Jeez, it’s one thing if you’re racist in front of family and friends, but being racist in front of The GODSOURCE? You done fricked up, Tina Michelle.
“What is The GODSOURCE?” you may be asking. Well, as someone who’s read this book cover-to-cover, I can safely say that I have no god damn idea. Tina Michelle made a chart about it, though. Maybe it’ll help you more than it helped me.
Sort of a crappy scan, I know, so let’s go through it piece by piece.
Step One. This is the collective energy of the universe. For some reason, it is represented by a dollar sign jumping over a wall.
Step Two. The collective energy grows wings and flies around for a while.
Step Three. The collective energy goes to a shop and exchanges itself for quarters so it can do a load of laundry.
Step Four. This happens.
You get all that? Good. Now explain it to me.
The Physical Life Park
The Physical Life Park: labored metaphor, or lamest alternative to Six Flags ever? You decide.
There’s so much going on here. You think the roller coasters are supposed to represent life’s ordinary ups and downs, but then you get the gleeful cry of “Addiction!” at the top of the second one. And you have to be experienced to ride…to addiction? And also cautious? And something about “Deception”? What the hell is this visual about?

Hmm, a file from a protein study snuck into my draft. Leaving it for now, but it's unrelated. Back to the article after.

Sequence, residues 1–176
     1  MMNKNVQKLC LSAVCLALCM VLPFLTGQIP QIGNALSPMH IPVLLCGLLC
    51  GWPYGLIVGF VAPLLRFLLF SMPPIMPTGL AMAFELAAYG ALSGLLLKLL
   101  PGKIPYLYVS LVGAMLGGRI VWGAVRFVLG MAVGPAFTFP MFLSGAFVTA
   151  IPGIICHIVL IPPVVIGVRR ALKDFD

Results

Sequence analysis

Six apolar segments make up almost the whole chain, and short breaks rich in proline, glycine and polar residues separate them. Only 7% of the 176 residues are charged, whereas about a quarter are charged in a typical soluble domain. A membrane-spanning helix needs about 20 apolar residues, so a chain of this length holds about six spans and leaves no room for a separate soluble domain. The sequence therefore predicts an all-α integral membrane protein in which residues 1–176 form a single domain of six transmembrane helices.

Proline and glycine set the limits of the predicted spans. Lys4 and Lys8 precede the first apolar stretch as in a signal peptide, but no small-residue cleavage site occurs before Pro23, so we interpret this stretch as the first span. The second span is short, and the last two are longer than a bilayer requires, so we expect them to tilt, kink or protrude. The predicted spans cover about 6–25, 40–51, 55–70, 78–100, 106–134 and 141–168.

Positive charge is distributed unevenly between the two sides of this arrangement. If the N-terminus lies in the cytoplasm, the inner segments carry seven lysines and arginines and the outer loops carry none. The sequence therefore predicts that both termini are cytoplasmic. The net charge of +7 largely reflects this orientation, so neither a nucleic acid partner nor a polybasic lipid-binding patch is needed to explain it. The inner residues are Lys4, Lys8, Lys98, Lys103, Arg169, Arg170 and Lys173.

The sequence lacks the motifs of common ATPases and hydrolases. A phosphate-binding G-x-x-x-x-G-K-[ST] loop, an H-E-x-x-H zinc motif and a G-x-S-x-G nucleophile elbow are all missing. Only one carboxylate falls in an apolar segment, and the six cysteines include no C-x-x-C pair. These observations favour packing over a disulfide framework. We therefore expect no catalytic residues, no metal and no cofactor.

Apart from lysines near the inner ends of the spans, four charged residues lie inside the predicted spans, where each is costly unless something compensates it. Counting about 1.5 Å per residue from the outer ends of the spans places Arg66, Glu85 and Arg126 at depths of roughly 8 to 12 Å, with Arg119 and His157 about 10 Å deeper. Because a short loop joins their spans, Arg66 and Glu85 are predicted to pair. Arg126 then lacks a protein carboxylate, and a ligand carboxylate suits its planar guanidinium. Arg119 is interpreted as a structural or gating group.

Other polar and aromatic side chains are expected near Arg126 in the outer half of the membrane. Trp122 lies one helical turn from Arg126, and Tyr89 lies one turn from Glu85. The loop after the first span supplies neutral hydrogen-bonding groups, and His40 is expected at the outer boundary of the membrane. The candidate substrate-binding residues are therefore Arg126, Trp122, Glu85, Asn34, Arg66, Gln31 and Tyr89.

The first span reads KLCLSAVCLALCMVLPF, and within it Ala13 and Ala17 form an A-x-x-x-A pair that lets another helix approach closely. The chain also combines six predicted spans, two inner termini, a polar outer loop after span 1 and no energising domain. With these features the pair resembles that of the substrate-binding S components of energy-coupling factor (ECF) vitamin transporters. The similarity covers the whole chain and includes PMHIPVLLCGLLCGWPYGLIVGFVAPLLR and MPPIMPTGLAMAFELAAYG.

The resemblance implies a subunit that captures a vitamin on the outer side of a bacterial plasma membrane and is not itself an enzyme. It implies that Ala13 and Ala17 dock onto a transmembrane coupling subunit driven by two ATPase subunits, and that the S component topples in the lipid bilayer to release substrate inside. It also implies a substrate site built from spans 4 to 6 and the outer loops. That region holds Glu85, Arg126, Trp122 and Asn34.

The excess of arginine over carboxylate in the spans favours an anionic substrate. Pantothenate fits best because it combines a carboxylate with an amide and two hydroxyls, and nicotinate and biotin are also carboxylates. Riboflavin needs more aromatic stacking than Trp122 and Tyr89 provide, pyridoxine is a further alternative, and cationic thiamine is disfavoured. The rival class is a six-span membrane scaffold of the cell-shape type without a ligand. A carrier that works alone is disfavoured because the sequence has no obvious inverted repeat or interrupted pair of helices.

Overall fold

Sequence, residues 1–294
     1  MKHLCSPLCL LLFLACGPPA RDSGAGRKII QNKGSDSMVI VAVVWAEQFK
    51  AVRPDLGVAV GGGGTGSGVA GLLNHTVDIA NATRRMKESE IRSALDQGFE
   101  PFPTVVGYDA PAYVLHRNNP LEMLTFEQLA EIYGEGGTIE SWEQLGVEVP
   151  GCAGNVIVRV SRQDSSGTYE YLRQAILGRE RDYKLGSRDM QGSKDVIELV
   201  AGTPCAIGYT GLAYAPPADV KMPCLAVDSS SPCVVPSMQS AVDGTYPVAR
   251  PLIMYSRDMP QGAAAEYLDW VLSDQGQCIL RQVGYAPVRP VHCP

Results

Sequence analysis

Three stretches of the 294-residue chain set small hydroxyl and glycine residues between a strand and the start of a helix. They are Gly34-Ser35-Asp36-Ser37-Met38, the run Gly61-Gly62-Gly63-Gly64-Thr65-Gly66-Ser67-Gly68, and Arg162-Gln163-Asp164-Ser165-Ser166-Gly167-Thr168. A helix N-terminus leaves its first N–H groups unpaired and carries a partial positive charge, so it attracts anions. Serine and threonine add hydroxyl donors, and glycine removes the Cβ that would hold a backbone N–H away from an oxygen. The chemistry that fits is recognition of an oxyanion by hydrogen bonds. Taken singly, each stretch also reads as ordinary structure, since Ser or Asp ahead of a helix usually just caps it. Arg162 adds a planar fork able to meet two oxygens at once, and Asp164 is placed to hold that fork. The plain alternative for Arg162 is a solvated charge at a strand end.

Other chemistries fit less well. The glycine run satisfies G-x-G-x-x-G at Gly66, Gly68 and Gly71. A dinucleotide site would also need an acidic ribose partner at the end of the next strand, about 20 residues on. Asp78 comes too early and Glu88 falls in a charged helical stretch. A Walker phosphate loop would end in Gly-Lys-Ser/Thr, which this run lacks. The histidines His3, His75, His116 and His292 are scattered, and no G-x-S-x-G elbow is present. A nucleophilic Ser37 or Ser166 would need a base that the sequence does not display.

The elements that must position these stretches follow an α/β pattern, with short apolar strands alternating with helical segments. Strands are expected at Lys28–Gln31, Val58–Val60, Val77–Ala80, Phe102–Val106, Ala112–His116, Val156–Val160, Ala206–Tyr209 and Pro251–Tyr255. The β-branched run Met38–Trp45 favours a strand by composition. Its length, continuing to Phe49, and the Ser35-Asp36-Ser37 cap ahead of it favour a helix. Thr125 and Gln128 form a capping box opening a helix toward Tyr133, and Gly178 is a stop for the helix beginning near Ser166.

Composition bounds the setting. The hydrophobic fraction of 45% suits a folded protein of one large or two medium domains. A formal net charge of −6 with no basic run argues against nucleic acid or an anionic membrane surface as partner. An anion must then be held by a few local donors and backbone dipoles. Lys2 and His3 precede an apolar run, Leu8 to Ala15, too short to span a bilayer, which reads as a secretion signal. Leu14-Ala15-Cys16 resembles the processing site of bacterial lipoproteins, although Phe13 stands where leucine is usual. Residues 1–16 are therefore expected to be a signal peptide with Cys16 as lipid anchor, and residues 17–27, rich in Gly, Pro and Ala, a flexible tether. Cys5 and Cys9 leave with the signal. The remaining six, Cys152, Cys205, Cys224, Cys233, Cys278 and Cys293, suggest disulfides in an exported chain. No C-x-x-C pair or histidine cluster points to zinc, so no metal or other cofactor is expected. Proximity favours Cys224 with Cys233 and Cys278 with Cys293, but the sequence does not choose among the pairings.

How Tina Michelle Channels the Angels
Confusing images aside, this book is really about one thing: channeling angels. In her Author’s Note, Tina Michelle explains how she goes about doing this.
“The power of thought, sound, and impression.” I hate to be a downer, but if you consider thinking and hearing to be special powers, your bar for “special” is set dangerously low.
This is the only part of the book that makes me wish I had died four times. Apparently when Tina Michelle channels, she feels both “the Ecstasy” and “the Orgasm.” And sure, capricious capitalization of random nouns is the hallmark of a crazy-person manifesto…but don’t you want it to be true now? We could all use a little more of “the Ecstasy” in our lives.
Well, all right! So if you tried and failed to channel angels prior to 1984, at least now you know why.
I’m an agnostic, which means I tend to throw up my hands and go “who the hell knows?” when it comes to religious matters. I don’t think there’s a god, but who the hell knows? I don’t think angels exist, but who the hell knows? You can’t prove a negative, so I don’t bother trying. And I would certainly never hate on someone for believing in a higher power.
That said, while I will make allowances for the power of personal conviction to mold personal experience, I don’t buy what Tina Michelle is selling, and I can’t support her selling it. People are paying (or have paid in the past) actual money for her workshops and books. If you’re really interested in helping people, and you really think part of God’s plan is for you to touch and heal the masses, then do that noise for free. Money and religion make very uncomfortable bedfellows.